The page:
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  • You know the story, but Amy K. Nelson of retells the tale of umpire Jim Joyce after his missed perfect game call in moving detail.
  • Former Dodger Delwyn Young signed a non-roster contract with Philadelphia. Meanwhile, twice-former teammate Andy LaRoche is still out there.
  • Though I’m hardly tired of reading praise for Rich Lederer, let’s not forget Jay Jaffe’s contributions to the Hall of Fame campaign for Bert Blyleven.
  • It’s Charlie Hough Week: Evan Bladh Sr. of Opinion of Kingman’s Performance (a relatively new blog you should check out) discusses why Hough flourished as a starting pitcher only after leaving the Dodgers.

Pedal to the Lederer

Hopefully, we’ll learn Wednesday that Bert Blyleven has been elected to the Hall of Fame, capping what has to be the most effective grassroots campaigns for Cooperstown ever.

I’m speaking of the one led by Baseball Analysts blogger Rich Lederer, my former blogging colleague. Jon Paul Morosi of has a nice profile of Lederer. Here’s the start of it:

Rich Lederer is an investment manager. Stock and bond portfolios are his thing. He is the president and chief investment officer of Lederer & Associates Investment Counsel in Long Beach, Calif.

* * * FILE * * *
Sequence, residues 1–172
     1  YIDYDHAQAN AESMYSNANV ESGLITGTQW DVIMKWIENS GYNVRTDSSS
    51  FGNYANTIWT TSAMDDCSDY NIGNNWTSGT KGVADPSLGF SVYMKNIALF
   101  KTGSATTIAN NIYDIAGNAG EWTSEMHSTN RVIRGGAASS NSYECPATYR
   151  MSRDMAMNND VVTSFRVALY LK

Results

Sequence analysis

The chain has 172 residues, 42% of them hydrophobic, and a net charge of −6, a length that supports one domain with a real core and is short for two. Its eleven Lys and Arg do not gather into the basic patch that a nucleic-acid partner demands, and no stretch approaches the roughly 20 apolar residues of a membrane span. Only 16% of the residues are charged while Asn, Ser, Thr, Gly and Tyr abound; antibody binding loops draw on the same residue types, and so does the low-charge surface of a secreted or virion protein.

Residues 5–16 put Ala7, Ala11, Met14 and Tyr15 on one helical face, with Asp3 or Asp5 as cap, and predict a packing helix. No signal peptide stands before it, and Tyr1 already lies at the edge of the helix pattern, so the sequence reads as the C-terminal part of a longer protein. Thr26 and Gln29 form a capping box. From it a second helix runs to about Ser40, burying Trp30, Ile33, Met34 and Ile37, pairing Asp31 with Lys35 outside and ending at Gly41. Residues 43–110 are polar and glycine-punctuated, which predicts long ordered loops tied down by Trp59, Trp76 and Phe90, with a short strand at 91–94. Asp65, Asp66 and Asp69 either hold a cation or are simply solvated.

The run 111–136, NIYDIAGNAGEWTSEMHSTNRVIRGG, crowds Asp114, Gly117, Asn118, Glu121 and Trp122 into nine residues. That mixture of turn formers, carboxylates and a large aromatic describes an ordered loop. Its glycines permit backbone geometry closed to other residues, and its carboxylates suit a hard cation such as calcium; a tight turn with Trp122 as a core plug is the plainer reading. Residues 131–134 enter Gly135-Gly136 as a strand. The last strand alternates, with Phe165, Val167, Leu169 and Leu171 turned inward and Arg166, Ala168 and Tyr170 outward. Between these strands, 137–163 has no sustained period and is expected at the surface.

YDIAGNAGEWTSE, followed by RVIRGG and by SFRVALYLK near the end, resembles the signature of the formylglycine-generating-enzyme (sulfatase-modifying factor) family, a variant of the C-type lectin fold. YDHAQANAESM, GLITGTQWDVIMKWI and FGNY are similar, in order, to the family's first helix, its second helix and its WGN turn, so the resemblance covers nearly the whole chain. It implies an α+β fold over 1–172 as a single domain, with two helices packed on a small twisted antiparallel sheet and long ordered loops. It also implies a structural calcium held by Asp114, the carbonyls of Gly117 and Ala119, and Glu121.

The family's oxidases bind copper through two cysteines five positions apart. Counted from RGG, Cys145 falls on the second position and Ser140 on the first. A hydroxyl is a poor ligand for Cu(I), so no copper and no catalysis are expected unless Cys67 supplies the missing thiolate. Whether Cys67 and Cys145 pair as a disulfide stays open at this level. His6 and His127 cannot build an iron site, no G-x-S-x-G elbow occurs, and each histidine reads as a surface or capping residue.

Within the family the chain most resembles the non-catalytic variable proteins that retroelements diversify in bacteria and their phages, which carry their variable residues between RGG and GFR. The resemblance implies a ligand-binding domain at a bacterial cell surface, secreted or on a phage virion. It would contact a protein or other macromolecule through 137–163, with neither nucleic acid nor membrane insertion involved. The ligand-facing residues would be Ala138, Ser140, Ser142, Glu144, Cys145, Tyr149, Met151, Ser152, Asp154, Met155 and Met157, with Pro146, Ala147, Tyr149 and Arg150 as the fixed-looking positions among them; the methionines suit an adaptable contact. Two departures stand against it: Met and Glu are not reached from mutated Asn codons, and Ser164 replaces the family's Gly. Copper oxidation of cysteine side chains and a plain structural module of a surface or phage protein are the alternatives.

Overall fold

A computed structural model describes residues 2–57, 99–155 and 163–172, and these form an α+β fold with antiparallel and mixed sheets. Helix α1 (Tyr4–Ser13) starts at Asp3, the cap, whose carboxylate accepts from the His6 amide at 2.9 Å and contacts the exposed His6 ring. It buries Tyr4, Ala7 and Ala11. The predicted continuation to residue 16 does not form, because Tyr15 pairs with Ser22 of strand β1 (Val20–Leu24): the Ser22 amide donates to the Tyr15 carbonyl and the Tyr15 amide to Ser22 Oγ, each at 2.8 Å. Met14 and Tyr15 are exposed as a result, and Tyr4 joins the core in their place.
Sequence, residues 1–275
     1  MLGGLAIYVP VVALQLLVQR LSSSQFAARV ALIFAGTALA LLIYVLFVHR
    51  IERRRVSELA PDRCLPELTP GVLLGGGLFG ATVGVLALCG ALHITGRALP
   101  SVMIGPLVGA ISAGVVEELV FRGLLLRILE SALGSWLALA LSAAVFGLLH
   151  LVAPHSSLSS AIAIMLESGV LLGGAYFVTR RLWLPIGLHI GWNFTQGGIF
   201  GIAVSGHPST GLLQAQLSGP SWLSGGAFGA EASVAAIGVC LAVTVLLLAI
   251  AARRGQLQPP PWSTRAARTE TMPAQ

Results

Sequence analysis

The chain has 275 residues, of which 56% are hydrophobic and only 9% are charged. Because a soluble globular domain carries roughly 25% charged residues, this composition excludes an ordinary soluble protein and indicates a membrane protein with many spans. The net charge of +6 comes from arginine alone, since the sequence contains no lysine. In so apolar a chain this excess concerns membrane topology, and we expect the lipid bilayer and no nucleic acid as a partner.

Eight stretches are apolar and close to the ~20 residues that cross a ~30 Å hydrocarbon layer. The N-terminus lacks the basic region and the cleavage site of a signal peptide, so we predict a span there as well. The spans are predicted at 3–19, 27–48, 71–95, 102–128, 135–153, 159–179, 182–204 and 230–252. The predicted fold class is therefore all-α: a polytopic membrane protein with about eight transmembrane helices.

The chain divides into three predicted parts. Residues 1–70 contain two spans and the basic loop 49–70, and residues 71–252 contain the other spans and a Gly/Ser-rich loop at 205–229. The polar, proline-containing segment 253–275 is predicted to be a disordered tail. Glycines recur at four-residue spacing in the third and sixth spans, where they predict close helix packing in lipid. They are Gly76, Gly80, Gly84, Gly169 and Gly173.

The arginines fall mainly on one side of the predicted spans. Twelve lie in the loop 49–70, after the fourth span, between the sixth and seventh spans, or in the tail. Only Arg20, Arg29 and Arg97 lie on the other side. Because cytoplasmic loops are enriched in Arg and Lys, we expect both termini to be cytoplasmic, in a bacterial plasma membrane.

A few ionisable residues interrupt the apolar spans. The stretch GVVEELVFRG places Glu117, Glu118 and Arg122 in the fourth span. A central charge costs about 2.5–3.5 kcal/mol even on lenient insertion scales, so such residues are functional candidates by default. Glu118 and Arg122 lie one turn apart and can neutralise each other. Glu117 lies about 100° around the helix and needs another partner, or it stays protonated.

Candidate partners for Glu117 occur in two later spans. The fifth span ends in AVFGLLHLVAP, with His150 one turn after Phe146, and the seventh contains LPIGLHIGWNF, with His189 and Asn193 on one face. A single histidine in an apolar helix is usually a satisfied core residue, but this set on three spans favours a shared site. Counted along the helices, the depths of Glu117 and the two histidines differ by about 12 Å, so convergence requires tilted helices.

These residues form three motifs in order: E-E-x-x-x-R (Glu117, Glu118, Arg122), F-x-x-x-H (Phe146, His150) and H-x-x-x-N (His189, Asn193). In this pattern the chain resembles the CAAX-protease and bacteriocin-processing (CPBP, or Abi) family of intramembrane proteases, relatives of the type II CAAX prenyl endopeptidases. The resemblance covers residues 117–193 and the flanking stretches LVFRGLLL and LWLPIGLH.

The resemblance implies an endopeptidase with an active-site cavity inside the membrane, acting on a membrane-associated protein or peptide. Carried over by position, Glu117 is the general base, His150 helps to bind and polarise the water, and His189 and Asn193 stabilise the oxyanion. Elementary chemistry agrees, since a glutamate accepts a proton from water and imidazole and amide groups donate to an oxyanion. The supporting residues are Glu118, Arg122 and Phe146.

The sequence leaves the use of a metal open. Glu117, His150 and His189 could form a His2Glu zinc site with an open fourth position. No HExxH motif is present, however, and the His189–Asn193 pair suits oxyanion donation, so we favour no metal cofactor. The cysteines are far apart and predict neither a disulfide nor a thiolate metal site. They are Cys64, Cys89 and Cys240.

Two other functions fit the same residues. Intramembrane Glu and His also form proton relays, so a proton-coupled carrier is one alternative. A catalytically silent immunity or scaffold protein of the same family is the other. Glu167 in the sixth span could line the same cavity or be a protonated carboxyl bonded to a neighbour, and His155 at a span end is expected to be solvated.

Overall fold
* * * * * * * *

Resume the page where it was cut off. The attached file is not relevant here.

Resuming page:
But Lederer loved batting averages long before calculating his first P/E ratio. He is a baseball guy. His father, the late George Lederer, covered the Los Angeles Dodgers for the Long Beach Independent-Press-Telegram through their first 11 seasons on the West Coast.

Lederer has since taken up the family business — as a hobby. In 2003, he founded a baseball blog, now called He writes at night, after his real job is done. The website hasn’t made him rich or famous. Yet, his words may soon resonate through the game’s most hallowed corridors.

If Bert Blyleven is elected to the Baseball Hall of Fame on Wednesday, he will have Rich Lederer to thank.

Well . . . I suppose Blyleven should first thank his right arm — the one that produced 287 wins (more than Jim Palmer), 3,701 strikeouts (fifth all-time) and 60 shutouts (ninth all-time).

After that, the gratitude goes to Lederer’s noggin.

Blyleven has climbed steadily in the Baseball Writers’ Association of America voting since the founding of Lederer’s website. Blyleven, who polled below 30 percent on his first six times on the ballot, reached 74.2 percent last year. That did not happen by accident. …

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A certain kind of torture

That John Lindsey entered his first major-league game Wednesday but was removed for pinch-hitter Andre Ethier before he actually got to see his first major-league pitch generated the kind of national uproar on Twitter that I’m not sure has happened with the Dodgers since the Jonathan Broxton Yankee game.  (Mike Scioscia’s Tragic Illness has examples.) ESPN’s broadcast of the game contributed to that, but still, it indicates how galvanized people have become by his story.

Lindsey handled his close-but-only-a-cigar moment – he ended up with the suitable-for-framing first lineup card bearing his name, writes Tony Jackson of – with a big smile, as if to say that the moment was anything but ironic. Ken Gurnick of has more: